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icy response Met Éireann criticised by viewers over spelling, fashion sense and speaking too quickly

RTÉ viewers criticised forecasters for blocking out maps and wearing black clothes on St Patrick’s Day

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Meteorologist Jean Byrne often caused a stir with her outfits, and recent viewers still criticised presenters’ clothes, with one calling it a ‘fashion show’. Picture by Frank McGrath

Meteorologist Jean Byrne often caused a stir with her outfits, and recent viewers still criticised presenters’ clothes, with one calling it a ‘fashion show’. Picture by Frank McGrath

Meteorologist Jean Byrne often caused a stir with her outfits, and recent viewers still criticised presenters’ clothes, with one calling it a ‘fashion show’. Picture by Frank McGrath

Weather presenters speaking too quickly, forecasters wearing black clothes on St Patrick’s Day, and a lack of formality in greeting viewers were among the complaints logged by Met Éireann last year about its TV and radio forecast services.

The meteorology service received 41 complaints last year about broadcast coverage, with a flurry of 13 complaints in August, almost half of them relating to the misspelling of the word lightning. 

The first complaint of the year said one forecaster was “clearly competent with good presentation skills” but had a habit of speaking too quickly.

A month later it was a similar story, with a viewer saying it was “not a race” and that forecasts were “ultra-important” for many people.

In March, one forecaster’s choice of clothes colour on St Patrick’s Day was met with dismay in one complaint. “Black! Black! Black! Really, what’s wrong with green, the only day of the year to celebrate our culture,” they wrote.

Informal greetings like “hi there” were also criticised by a viewer who said it was “very impersonal”.

“There was a time forecasters greeted TV viewers with a good morning/afternoon/evening,” they wrote.

Eight separate complaints were logged about forecasts that misspelled the word lightning as lightening, according to records released under Freedom of Information.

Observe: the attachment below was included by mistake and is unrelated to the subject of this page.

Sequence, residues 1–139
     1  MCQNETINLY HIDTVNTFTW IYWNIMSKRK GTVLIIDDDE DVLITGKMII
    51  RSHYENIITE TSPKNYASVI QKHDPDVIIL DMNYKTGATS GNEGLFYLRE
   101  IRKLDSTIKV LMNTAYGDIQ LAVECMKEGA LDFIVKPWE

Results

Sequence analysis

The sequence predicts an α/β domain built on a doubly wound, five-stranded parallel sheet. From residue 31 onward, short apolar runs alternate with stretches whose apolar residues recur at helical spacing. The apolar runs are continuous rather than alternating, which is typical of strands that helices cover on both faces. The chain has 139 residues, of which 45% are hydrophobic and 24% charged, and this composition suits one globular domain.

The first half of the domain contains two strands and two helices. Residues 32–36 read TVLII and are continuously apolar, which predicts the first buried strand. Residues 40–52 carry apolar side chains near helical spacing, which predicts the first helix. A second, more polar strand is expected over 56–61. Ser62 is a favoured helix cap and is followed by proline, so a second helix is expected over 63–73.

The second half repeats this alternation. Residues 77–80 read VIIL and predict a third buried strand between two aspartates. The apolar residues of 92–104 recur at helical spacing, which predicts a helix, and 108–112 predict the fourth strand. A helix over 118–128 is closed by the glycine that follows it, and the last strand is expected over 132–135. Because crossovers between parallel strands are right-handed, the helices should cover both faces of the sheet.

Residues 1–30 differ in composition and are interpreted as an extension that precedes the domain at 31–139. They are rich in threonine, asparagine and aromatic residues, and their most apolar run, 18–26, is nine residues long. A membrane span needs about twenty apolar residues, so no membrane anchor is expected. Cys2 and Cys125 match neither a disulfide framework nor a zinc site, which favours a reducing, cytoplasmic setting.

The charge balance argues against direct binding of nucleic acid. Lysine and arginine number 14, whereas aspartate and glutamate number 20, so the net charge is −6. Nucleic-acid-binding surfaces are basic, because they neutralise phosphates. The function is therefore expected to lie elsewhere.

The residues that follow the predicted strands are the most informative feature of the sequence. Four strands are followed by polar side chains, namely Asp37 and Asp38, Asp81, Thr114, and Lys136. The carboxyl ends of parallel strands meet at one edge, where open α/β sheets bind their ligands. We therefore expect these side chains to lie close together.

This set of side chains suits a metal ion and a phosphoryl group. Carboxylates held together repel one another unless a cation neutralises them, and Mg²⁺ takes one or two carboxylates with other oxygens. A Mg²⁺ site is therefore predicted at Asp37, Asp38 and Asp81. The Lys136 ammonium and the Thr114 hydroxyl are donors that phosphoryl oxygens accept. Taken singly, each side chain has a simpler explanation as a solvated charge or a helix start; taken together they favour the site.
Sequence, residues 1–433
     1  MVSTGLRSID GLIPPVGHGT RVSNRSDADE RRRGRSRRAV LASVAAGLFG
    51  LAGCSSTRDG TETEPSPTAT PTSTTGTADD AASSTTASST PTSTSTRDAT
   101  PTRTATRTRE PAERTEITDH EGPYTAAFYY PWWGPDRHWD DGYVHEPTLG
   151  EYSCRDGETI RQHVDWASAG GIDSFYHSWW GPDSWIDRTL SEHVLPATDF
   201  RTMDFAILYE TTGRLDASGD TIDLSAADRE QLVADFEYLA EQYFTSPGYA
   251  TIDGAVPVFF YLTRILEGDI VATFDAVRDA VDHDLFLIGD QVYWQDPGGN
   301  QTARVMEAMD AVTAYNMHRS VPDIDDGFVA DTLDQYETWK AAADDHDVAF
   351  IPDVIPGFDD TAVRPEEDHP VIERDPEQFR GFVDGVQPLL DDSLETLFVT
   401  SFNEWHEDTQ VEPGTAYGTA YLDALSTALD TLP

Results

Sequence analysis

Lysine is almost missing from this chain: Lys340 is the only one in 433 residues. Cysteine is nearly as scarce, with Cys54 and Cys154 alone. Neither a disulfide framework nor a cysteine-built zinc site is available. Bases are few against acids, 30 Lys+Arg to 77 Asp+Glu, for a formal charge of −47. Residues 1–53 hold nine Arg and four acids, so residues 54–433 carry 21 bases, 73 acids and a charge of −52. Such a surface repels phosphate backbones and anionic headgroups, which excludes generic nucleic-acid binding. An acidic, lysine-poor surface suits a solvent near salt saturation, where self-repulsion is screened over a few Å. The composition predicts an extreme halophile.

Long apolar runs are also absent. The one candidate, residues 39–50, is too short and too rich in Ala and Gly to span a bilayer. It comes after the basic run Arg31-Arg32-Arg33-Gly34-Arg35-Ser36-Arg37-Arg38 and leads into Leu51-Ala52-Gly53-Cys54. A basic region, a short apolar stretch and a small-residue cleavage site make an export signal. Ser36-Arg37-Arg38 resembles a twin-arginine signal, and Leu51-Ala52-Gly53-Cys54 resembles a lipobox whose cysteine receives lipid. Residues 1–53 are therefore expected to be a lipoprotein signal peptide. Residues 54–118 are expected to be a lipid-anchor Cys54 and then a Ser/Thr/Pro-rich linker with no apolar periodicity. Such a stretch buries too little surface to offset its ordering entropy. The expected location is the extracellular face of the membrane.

One message said: “This isn’t a major error but it just sends out the wrong message from you guys. Hope you aren’t traumatised by my trivial comment. Keep up the good work!”

Another said meteorologists, of all people, should know the difference between the word lightening — meaning to make lighter — and the weather event lightning.

“For how long — days, weeks, months, years or decades — has this basic cringeworthy mistake been broadcast to the nation every time we are due a bit of a thunderstorm?” they asked.

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Later that month several viewers wrote in again to ask forecasters to make sure they slowed down when giving the weather.

“Us older folk find it hard to understand,” one viewer wrote, while another said their 90-year-old mother-in-law was struggling to keep up.

In September a viewer wondered if static noise in the background of the radio forecast was “deliberate”.

“I thought it was strange that there was no apology for such interference as is the normal procedure,” they said. “I notice that it is still going on and now I think that it is deliberate.

“It is a din din din noise overtaking the forecaster and which makes me reach for the headache pills.”

Forecasters blocking off parts of the map of Ireland when presenting was also raised in one letter from the west coast.

“Would it be possible to show less of the UK and more of our country and west coast… after all, RTÉ is OUR national broadcaster,” one viewer wrote

A marking on the map showing the major urban centres of Ireland including Letterkenny, instead of Derry, was flagged in two separate complaints.

One said Derry was “five times as large” and it was disturbing to see the city of Derry “so consistently marginalised” in visual terms. 

Another complainant took the time to send a formal letter with five suggestions for how to review the format of the RTÉ weather forecast.

The person — whose name has been redacted — said the weather sometimes seemed like a “fashion show” and also lamented the use of the Beaufort Scale to measure wind speed, which they said was “archaic” and means little to most people.

They also quibbled with why relative humidity was so rarely mentioned, the lines indicating political borders on maps, and the use of imprecise language like “settling down” and “improving”, which mean different things to everybody.

“Settling down could mean a continuing drought to many farmers,” they said. “Such expressions are value judgments and have no place in what should be a presentation based on scientific facts.”

Asked about the complaints, communications meteorologist Bonnie Diamond said: “At Met Éireann we have a team of skilled meteorologists who as part of their role present the daily weather bulletins on RTÉ TV and Radio.

“All meteorologists receive regular broadcast training from RTÉ — this covers voice coaching, presenting and communication skills.

“Both Met Éireann and RTÉ are proud of our team of forecasters who keep the public informed about the weather in Ireland which helps keep them, their families, homes and businesses safe.”

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